Juan planted sugarcane by hand seven days a week from sunup to sundown, rain or shine, in the blistering Louisiana heat.
If he wanted a break or just a sip of water, he had to hide behind the sugarcane – away from his employers’ view – and hope that the drone buzzing overhead did not record his actions.
Nearby, a sign brazenly announced, “Smile! You’re on camera.”
In exchange for his hard labor, Juan, like thousands of other guest workers who come to the United States, was routinely cheated out of wages and forced into debt.
His employers, who controlled his work visa from his native Mexico, virtually held him captive. If he complained, they retaliated by threatening to deport him or exclude him from other jobs.
Juan’s story illustrates the systematic exploitation of guest workers who come to the United States for temporary jobs under the nation’s flawed and unfair H-2A worker program, which the Southern Poverty Law Center (SPLC) documented in 2013.
The SPLC recently filed a class action lawsuit on behalf of H-2A workers who, like Juan, have been employed by Arkansas-based Lowry Farms, LLC.
The lawsuit alleges that Lowry – a large farm labor contractor that employs guest workers at sugarcane farms in Louisiana – breached its contract with the workers and violated the Fair Labor Standards Act (FLSA).
“I never imagined the work would be so difficult,” Juan – whose name has been changed in this story to protect his identity – recently told the SPLC. “It was a very tough, sad situation.”
Not treated like a guest
When Juan began working for Lowry in August 2018, he was optimistic. He had hoped to earn enough money under the guest worker program – $10.73 per hour, the minimum wage for H-2A workers in Louisiana at that time – to provide for his wife and children back home in Mexico.
But he soon realized that he was not being treated at all like a “guest.” Instead, he was being manipulated and abused.
Under federal laws, Lowry was expected to provide for the guest workers’ welfare by ensuring they had access to water and shade, paying them fair wages and protecting them against fraud and misrepresentation, among other safeguards. It failed on all counts.
“Large and well-established H-2A employers like Lowry have been taking advantage of a visa program that does not protect workers and allows these employers to extract labor without paying the lawful and fair wages the workers were promised,” said SPLC Senior Staff Attorney Anne Janet Hernandez.
‘Working so hard for so little’
Before Juan left Mexico, Lowry told him that it would pay him by the hour.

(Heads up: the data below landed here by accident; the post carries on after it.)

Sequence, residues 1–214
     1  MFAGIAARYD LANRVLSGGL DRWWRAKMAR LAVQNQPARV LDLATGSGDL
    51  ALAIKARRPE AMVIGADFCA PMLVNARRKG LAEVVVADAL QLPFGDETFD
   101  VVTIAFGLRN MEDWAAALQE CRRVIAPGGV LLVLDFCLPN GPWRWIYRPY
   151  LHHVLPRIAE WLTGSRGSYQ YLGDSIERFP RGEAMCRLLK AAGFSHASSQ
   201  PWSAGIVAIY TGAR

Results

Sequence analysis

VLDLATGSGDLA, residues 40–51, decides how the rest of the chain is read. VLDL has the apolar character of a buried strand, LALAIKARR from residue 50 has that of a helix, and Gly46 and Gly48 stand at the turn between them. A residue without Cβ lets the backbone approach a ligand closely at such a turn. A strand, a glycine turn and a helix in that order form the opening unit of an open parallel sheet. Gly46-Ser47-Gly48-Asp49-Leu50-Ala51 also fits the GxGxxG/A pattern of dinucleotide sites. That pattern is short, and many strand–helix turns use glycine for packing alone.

But, as it has done to so many of its other workers, Lowry failed to keep accurate time records for Juan and the other workers and sought to pay the workers “piece rate” – earnings based on the number of acres of sugarcane planted each day without recording the time worked each week. This resulted in Juan and the other workers being paid less than what was required by their H-2A work contracts and, at times, less than the FLSA minimum wage.
“I was very sad,” Juan said. “The situation was stressful and depressing because of the lack of pay and thinking about how to provide for your family. Working so hard for so little was very upsetting. But our boss kept pushing us to work harder.”
Over 800 H-2A laborers work for Lowry each year. Lowry representatives recruited the workers, who traveled from other cities in Mexico to the state of Monterrey, Mexico, near the Mexican border. Then they boarded a bus that took them directly to Louisiana.
In order to pay for their work visas, hotels, food and transportation to Louisiana, many H-2A workers had to borrow money or take out loans before departing from Mexico in August 2018. Others had to pay fees to recruiters before their names would be placed on a list of potential H-2A workers, also known as a recruitment fee.
In total, Juan spent more than $600 just to enter the United States. When his contract ended with Lowry in October 2018, he was more than $700 in debt.
What’s more, working for Lowry was dehumanizing.
Lowry representatives constantly yelled at and reprimanded him and other guest workers. If they complained about the backbreaking labor or tried to assert their legal rights, Lowry representatives threatened to deny them any other opportunities to work in the United States. When workers asked for legal assistance, Lowry representatives threatened to call immigration authorities or police to report them.